16 March 2015
Housing and Planning Minister Brandon Lewis MP last week welcomed new statistics apparently showing a fall in the number of people opposed to new homes being built in their local area.
A celebratory Mr Lewis linked the fall to Neighbourhood Planning, saying that:
‘‘Since putting the power back in the hands of communities, support for local housebuilding has soared, while opposition to new homes has almost halved.’’
The data used by the Minister is a newly-published update to the British Social Attitudes Survey, commissioned by the Department for Communities and Local Government to look at public attitudes to housing. The update, published this month, found that whilst in 2013 31 per cent of respondents said they would oppose new homes being built in their local area, this fell to 21 per cent in 2014.
DCLG suggest that this forms part of a longer-term trend of increased support for house building.
Property professionals facing fierce local opposition to new homes – opposition often emboldened by a belief that neighbourhood planning can act as a brake on development – may be surprised by this analysis.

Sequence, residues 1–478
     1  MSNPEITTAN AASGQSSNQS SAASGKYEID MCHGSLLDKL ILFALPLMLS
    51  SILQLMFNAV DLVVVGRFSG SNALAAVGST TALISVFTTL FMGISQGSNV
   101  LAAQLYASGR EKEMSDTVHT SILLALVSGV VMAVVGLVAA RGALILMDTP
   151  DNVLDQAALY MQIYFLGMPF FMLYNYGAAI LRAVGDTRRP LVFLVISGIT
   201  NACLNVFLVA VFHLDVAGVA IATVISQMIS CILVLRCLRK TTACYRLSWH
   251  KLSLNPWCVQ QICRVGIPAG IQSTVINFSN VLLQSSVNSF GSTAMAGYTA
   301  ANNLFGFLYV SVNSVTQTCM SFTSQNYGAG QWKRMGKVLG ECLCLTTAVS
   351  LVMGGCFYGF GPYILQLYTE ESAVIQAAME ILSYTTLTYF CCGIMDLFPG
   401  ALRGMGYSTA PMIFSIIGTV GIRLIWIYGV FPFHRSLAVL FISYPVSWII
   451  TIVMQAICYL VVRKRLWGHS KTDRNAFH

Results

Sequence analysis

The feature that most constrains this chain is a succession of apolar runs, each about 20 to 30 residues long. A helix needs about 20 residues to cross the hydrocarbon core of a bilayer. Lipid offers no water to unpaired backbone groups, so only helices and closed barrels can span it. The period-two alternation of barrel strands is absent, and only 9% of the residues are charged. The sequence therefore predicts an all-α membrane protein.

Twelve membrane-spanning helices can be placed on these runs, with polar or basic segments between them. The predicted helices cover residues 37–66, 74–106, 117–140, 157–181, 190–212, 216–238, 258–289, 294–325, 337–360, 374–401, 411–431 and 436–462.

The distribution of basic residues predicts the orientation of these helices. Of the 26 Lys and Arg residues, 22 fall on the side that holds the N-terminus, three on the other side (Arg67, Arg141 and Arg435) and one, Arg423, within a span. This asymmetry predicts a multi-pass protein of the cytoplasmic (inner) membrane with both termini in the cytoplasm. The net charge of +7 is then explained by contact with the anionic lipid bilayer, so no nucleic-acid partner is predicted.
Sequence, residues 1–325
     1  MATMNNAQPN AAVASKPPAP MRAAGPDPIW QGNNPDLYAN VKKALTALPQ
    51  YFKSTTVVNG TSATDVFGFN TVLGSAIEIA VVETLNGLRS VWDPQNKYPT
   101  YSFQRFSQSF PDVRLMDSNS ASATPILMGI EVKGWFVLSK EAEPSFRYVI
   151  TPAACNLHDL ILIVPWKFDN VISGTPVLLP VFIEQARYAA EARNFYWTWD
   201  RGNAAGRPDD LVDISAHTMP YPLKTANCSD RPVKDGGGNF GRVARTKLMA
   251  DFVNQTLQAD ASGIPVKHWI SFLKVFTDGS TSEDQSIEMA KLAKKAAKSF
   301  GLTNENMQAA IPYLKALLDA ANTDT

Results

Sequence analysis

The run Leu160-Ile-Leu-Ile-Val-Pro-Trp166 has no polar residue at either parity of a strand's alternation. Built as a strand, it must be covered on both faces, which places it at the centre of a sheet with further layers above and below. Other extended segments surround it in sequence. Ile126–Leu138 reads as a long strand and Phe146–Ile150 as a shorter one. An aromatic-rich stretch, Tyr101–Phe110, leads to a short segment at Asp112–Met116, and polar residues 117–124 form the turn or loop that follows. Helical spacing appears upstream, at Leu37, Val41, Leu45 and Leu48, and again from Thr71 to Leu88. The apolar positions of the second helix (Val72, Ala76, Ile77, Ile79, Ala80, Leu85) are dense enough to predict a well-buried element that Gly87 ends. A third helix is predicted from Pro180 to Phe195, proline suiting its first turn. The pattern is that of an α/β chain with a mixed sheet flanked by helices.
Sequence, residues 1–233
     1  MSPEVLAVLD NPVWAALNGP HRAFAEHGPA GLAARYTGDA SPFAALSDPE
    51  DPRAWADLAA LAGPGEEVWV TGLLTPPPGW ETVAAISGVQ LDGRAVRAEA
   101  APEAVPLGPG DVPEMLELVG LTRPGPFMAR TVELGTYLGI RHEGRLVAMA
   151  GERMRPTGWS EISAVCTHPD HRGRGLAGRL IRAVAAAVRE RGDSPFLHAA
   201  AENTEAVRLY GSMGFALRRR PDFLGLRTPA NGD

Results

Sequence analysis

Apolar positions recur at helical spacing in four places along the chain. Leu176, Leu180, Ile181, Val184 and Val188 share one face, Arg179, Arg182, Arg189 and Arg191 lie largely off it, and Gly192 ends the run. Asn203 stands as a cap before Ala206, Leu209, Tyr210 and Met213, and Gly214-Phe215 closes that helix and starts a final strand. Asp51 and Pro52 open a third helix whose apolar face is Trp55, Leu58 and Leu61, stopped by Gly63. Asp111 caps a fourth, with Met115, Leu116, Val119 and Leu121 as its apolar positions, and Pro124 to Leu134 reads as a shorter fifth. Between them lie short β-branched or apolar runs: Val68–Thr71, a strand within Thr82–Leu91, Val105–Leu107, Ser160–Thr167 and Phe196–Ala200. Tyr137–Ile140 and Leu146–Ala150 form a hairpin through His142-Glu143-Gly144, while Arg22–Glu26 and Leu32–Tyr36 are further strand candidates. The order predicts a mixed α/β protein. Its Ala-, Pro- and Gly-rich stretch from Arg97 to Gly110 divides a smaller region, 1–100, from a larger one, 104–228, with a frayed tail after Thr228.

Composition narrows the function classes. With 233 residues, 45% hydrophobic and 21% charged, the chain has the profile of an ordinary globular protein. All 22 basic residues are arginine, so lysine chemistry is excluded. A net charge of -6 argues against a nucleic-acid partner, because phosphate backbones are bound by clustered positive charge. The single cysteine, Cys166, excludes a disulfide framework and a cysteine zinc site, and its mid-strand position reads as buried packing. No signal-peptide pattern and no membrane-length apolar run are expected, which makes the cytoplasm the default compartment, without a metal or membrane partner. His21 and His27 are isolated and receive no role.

Indeed closer inspection of the Survey data reveals an interesting fact: the fall in the number of people opposed to new homes is due primarily to a change in the views of those living in urban areas. Whilst the proportion of Survey respondents living in cities and towns expressing opposition to new homes fell from 34 to 22 per cent, the proportion of people living ‘‘in the country’’ who expressed opposition to new homes actually ‘‘increased by 9 per cent’’.
So, what the Survey actually tells is is that people in built-up areas are now more likely to support the principle of new housebuilding, perhaps due to increased discussion of the housing crisis by politicians/in the media.
Crucially however, those living in communities likely to actually be affected by new development are growing increasingly opposed to new homes.
This will come as no surprise to those working at the planning frontline.
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